curbs on the Cuyahoga River
By John C. Kuehner
The Plain Dealer
Published November 11, 2006
Planners want to launch a project that will explore whether
fish and ore boats can coexist on the Cuyahoga River.
What they want to create is a stream bank that offers
habitat for fish migrating from Lake Erie to spawning
areas upriver while also allowing for ship movement.
But the vision goes beyond just helping restore the health
of the Cuyahoga River.
What planners hope to design is a new generation of inexpensive
stream-bank curbs that can be manufactured in the Cuyahoga
Valley and create jobs here.
A successful product then could be sold to other Great
Lakes port cities that face the same problems of protecting
local industrial ship traffic and helping fish, said Jim
White, who heads the Cuyahoga River Remedial Action Plan,
which will lead the design and development process.
"Given the cost of replacing bulkheads, it's a several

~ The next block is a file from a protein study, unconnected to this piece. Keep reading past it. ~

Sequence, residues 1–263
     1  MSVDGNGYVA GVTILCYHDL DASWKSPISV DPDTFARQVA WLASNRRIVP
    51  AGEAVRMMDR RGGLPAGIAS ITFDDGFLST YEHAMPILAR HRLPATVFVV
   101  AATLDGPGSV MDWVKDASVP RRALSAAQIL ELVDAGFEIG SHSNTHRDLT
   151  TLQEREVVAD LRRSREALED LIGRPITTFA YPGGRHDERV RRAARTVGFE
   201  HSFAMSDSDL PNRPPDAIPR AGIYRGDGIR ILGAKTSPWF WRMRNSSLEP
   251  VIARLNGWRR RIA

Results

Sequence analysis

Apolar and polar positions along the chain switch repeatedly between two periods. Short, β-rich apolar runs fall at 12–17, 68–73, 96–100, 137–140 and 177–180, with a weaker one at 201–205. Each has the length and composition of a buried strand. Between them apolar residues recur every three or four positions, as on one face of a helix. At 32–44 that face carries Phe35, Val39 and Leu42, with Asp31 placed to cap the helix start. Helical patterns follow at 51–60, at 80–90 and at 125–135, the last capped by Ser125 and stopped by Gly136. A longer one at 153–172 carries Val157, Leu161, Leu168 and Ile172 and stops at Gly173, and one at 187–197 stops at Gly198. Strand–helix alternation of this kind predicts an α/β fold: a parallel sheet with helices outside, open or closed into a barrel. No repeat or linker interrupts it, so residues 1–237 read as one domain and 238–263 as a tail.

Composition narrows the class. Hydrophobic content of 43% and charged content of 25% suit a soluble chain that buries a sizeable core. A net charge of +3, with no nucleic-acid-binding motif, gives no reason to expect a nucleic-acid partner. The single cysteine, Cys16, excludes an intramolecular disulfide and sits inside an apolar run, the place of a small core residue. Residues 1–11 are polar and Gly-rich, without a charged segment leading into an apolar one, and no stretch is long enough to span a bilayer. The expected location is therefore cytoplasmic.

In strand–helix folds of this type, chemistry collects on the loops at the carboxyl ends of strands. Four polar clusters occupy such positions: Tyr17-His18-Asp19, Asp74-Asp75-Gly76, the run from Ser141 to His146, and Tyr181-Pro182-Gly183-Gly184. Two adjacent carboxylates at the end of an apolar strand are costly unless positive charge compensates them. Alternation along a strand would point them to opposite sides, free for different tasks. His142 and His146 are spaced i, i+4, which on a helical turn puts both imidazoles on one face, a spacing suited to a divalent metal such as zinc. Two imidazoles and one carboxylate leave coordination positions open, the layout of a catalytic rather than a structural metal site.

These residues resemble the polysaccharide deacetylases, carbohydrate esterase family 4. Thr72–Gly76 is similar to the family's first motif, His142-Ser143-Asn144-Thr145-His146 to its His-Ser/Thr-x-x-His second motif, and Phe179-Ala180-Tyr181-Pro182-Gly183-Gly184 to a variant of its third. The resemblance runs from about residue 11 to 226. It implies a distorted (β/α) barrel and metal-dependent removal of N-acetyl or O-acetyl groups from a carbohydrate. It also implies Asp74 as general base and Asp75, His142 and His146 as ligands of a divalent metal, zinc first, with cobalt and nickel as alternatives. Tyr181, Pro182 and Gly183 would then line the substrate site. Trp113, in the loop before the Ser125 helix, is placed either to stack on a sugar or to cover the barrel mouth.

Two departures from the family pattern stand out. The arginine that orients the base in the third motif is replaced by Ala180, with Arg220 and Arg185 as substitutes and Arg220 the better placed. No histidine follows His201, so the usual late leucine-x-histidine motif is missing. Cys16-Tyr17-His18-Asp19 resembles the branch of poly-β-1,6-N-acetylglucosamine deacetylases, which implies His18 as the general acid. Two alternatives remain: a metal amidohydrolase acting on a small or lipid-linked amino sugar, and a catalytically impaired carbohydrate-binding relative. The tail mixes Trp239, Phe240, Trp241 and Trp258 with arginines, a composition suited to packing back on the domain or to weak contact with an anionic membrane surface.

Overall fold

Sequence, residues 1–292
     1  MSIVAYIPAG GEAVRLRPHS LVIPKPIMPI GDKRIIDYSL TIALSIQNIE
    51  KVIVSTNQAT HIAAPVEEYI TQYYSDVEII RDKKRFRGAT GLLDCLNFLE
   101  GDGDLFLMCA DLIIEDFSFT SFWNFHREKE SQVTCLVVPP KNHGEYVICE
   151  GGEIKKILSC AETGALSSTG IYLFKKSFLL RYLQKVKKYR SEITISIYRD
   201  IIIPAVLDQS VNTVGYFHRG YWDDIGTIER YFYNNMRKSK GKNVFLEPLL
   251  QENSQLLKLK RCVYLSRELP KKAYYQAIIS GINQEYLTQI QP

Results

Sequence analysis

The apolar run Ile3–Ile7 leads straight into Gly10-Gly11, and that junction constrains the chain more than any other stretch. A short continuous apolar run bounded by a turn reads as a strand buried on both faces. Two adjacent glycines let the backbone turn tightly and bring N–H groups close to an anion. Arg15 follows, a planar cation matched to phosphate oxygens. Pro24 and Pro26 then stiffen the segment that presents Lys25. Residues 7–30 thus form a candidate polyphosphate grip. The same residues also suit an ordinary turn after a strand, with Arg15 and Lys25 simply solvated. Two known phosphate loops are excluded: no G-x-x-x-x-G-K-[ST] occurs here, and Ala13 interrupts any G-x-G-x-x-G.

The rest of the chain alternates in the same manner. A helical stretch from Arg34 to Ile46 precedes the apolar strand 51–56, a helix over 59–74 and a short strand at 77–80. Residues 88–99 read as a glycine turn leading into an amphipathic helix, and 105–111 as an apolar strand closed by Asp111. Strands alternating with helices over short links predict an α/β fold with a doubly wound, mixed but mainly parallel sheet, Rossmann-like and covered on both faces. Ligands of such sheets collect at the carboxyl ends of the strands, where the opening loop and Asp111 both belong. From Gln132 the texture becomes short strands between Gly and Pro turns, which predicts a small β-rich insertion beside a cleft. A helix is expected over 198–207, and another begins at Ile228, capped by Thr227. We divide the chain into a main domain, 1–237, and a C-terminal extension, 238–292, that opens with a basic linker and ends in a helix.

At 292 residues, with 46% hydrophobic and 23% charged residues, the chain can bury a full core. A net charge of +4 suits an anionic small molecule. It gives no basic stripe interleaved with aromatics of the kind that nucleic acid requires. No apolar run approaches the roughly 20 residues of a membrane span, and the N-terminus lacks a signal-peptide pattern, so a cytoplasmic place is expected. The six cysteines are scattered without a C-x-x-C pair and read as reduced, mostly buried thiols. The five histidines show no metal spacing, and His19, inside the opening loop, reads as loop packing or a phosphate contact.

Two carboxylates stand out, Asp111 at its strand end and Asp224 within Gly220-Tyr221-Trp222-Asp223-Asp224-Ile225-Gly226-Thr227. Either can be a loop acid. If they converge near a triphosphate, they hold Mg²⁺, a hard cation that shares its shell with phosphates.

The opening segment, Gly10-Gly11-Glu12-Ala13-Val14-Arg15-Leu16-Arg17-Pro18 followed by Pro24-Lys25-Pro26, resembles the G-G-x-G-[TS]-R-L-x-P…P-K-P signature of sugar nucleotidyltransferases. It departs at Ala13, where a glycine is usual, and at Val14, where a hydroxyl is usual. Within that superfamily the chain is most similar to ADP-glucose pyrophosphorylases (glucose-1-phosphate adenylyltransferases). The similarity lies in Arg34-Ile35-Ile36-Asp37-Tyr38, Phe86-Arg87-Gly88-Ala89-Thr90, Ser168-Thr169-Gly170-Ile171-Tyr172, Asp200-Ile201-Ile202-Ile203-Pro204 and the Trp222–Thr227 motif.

hundred million, if not a $1 billion, marketplace,"
The Cuyahoga River alone has 11 miles of bulkheads that
line both sides of the stream bank from Lake Erie to the
Mittal Steel USA Cleveland plant to a depth of about 22
And many of these aging bulkheads are failing, which
causes the river bank to erode into the river. Ignoring
the problem "will result in catastrophic failure
and potential closing of the river," according of
the Flats Oxbow Association, which represents industrial
and business interests in the Flats.
It's estimated it would cost $300 million to replace
the river's steel and wood bulkheads.
Those bulkheads were built in the 1930s.
The bill must be paid by the riverfront landowner.
Earlier this year, the federal government awarded $500,000
to the U.S. Army Corps of Engineers for a bulkhead prototype
The Corps is in the final stages of negotiations to release
the money to local planners, White said.
Once the money is available, which could be later this
month, White said a group of materials specialists, local
engineers, manufacturers and installers will design the
He hopes to have three different prototypes that will
be tested at three different points in the river.
These "green bulkheads" would have open slots
that create pockets behind them where plants can grow
and fish could feed and find refuge as they swim to and
from Lake Erie.
One proposed idea is to build a troughlike molded concrete
structure using surplus slag from Mittal Steel, which
is working with planners on the project and could host
one of the prototypes.
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